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15 Types of Books to Jump-Start Your Collection

Spring is a time for getting started on that project you’ve always wanted to do. What better reason to finally put up that shelf and start your book collection? While we don’t discriminate over how you read (your phone or eReader are perfectly acceptable!), let’s just say we’re partial to cracking a spine and turning the pages. Call us old-fashioned.

Those who have been out of the book-buying game for a while (or have never bought a physical book since high school) may be thinking that the bookstore is so extensive you don’t know where to start. Fear not, reader. We’ve come up with 15 categories that will help you find your way in the world of endless books, as well as some personal recommendations to christen your bookshelf with renewed style.

Your Favorite Classic Book


Image Via Indianapolis Public Library


Let’s get the clearest starting point out there now. Any book that’s important enough to have had other books written about it being so important is a must-have. What’s more, there are so many sub-genres to choose from: the Great American Novel, cultural epics, naturalist adventures, and so many others. Choose wisely, but they’re all wise choices so choose away!

Recommendation: The Great Gatsby by F. Scott Fitzgerald

Your Token Shakespeare


Favorite works of William Shakespeare are like astrological signs: everyone’s got one. Don’t feel bad if you only know his most acclaimed plays, they’re popular for a reason! A go-to Bard could be one of his quirky comedies, his beautiful volume of poetry, or the drama that contains one of those spellbinding quotes (we won’t mind if you don’t recite it exactly right).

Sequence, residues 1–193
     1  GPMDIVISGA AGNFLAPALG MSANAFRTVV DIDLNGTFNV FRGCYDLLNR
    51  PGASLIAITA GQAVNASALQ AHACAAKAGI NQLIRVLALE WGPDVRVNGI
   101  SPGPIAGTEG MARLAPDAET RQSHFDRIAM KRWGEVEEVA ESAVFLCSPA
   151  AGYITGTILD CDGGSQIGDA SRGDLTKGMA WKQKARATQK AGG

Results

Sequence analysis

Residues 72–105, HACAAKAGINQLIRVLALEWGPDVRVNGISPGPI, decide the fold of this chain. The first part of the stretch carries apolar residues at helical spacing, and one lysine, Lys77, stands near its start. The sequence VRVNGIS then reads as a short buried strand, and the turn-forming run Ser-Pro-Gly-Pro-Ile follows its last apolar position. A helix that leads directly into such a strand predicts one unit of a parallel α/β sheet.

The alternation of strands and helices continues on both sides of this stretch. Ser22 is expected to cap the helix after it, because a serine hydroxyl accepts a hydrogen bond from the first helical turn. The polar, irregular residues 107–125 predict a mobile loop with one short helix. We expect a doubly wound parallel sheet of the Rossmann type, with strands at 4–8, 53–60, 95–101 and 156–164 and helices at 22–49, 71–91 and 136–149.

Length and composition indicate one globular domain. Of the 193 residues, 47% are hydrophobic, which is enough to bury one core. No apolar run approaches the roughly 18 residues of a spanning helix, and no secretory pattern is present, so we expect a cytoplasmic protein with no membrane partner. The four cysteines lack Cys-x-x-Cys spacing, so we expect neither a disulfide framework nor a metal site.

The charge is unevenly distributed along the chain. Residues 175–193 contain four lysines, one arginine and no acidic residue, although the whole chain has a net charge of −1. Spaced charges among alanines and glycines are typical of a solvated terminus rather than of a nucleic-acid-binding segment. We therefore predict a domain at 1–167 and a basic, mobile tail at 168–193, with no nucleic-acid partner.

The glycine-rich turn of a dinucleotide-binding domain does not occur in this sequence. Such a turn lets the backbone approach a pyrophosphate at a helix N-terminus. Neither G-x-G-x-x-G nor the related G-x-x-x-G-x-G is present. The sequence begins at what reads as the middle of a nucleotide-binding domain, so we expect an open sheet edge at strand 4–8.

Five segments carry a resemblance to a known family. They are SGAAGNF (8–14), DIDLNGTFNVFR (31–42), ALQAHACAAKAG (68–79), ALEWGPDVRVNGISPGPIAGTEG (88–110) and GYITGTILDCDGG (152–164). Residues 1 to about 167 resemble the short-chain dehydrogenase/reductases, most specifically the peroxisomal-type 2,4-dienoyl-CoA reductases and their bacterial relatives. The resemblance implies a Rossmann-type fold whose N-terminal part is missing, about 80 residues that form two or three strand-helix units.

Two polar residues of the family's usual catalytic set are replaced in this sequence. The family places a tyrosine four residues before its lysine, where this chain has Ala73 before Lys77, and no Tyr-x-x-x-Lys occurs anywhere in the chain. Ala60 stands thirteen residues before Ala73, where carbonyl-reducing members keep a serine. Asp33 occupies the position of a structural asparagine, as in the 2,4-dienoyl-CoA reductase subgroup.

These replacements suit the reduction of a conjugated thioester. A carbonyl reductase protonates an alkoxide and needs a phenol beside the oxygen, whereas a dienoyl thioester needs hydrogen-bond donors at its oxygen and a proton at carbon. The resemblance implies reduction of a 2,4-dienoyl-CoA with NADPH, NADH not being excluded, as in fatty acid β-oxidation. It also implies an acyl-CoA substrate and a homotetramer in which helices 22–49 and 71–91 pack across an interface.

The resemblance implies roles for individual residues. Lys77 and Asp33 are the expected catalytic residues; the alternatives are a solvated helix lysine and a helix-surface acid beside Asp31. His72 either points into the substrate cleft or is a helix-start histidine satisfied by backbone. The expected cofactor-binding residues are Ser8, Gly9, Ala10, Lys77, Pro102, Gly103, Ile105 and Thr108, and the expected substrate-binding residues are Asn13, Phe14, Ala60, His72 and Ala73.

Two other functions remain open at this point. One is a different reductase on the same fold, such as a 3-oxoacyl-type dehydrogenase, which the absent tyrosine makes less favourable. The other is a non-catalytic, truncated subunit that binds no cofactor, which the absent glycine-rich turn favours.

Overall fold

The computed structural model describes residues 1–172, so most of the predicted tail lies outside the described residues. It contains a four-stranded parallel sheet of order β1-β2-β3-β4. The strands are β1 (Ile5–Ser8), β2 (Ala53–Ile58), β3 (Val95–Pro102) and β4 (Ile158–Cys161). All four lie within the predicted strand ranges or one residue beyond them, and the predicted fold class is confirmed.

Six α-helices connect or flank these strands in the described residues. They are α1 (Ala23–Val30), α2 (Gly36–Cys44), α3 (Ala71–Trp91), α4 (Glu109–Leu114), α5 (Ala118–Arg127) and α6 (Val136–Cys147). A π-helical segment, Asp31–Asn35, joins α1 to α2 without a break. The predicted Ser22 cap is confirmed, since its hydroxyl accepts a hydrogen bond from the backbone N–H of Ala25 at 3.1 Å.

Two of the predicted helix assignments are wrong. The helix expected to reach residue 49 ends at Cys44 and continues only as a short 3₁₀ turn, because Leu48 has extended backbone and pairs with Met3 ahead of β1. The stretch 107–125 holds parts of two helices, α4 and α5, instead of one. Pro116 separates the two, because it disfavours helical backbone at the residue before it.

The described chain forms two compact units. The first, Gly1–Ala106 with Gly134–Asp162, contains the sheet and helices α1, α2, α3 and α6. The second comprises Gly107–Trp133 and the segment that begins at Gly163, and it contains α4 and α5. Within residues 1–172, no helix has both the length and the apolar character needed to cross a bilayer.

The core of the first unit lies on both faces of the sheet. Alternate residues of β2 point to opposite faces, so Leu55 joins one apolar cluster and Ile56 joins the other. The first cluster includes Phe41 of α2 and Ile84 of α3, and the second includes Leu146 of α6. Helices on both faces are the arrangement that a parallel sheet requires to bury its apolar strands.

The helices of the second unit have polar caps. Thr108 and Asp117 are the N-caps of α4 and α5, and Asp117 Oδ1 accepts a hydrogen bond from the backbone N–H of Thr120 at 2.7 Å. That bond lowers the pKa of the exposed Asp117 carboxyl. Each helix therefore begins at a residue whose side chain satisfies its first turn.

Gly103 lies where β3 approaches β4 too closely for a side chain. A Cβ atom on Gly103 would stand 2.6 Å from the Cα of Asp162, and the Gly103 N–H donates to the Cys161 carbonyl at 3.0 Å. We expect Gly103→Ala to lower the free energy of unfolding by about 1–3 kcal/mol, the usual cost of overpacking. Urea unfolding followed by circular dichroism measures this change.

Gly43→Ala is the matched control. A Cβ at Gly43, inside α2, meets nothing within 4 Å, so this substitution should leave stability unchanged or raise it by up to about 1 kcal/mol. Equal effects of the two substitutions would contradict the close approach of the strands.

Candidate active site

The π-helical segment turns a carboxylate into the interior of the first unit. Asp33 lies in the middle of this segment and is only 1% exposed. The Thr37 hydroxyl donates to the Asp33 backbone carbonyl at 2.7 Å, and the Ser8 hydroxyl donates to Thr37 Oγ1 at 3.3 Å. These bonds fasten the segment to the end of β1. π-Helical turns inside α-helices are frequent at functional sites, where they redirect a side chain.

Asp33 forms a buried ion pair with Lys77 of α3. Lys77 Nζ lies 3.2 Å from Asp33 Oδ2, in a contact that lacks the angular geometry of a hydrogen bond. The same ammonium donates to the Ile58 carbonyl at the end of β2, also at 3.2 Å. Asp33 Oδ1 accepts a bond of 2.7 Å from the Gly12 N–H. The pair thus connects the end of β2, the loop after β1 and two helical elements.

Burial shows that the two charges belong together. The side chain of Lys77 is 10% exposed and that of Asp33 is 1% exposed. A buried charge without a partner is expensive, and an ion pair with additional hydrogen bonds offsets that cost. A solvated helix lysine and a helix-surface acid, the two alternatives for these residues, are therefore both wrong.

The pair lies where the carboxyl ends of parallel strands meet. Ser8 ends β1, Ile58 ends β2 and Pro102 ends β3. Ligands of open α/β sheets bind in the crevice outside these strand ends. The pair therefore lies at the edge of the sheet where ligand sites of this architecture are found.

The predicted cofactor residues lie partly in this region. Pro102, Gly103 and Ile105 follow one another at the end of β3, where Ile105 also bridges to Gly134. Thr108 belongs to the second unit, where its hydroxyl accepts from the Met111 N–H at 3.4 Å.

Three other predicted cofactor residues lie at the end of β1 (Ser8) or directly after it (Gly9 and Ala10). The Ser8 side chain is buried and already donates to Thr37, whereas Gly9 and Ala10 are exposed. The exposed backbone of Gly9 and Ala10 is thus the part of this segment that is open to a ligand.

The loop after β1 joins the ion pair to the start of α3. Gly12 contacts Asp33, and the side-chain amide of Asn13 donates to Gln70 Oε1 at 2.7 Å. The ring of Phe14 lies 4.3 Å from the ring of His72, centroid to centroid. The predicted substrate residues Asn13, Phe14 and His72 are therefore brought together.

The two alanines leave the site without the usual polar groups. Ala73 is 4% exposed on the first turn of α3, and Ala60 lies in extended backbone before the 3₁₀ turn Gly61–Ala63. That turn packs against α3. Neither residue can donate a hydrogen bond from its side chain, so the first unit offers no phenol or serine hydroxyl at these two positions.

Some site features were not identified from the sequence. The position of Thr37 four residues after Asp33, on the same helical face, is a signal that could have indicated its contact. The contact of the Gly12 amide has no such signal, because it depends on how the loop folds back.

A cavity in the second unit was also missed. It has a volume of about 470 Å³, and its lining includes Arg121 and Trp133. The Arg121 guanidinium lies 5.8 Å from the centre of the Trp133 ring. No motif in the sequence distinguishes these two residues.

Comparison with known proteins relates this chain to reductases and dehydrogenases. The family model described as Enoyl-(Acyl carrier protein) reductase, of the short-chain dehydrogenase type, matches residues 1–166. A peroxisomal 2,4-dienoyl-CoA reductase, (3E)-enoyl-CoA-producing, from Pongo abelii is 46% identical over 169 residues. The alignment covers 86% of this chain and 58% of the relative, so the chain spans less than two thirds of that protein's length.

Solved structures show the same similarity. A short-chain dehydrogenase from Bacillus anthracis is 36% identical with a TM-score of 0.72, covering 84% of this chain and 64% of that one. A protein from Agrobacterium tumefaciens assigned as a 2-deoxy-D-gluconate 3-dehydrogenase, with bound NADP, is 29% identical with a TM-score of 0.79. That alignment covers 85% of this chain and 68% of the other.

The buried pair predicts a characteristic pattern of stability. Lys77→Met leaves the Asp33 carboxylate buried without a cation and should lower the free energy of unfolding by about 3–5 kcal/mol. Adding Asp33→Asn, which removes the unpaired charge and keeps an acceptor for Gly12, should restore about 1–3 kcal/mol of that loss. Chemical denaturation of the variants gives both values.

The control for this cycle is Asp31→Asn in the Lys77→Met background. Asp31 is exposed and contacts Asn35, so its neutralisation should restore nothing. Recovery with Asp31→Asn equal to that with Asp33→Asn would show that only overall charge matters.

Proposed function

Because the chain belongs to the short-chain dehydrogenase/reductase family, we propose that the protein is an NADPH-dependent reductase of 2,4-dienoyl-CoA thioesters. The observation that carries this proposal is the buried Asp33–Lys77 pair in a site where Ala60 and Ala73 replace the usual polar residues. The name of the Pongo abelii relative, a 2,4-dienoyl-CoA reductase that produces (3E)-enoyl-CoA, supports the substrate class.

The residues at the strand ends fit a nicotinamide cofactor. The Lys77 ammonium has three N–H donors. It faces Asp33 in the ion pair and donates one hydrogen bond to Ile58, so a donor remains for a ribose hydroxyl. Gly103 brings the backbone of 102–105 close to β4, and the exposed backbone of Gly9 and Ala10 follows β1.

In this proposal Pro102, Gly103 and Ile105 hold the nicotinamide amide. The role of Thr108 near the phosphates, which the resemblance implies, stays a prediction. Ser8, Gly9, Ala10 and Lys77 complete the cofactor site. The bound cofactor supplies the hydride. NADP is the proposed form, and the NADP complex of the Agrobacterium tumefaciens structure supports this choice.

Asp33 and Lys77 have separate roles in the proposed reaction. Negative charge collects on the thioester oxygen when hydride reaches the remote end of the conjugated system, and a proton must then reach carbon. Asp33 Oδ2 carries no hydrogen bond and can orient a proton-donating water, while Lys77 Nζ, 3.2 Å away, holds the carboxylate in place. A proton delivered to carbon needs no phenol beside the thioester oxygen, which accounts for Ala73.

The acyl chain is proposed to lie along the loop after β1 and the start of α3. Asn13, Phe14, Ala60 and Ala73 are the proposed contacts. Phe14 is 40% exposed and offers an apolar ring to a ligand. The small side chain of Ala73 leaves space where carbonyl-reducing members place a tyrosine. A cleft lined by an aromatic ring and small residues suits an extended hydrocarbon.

Recommendation: Twelfth Night

Your Award-Winner


Image Via Entertainment Weekly


We all know one and we all need one. That conspicuously placed book on your shelf that, whether you read it or not, signifies to others that you’re ‘with it.’ It’s deep. It’s often long. It may be trying a little hard, but that’s all okay. The challenge of the book (and all the accolades listed on the back flap) will encourage you to figure out if the hubbub is deserved.

Recommended: A Confederacy of Dunces by John Kennedy Toole

Your New Classic Book


Image Via Entertainment Weekly


We can argue over modern canon until the cows come home, which only makes picking the right one more difficult for a new book-collector. There’s a new frontier with books: writers are determined to push you to your limits, challenging you to follow them through time-jumps, unreliable narrators, and fragmented paragraphs. These books don’t happen to you – you deeply experience them.

Recommended: A Visit from the Goon Squad by Jennifer Egan

Your Biography 


Image Via Amazon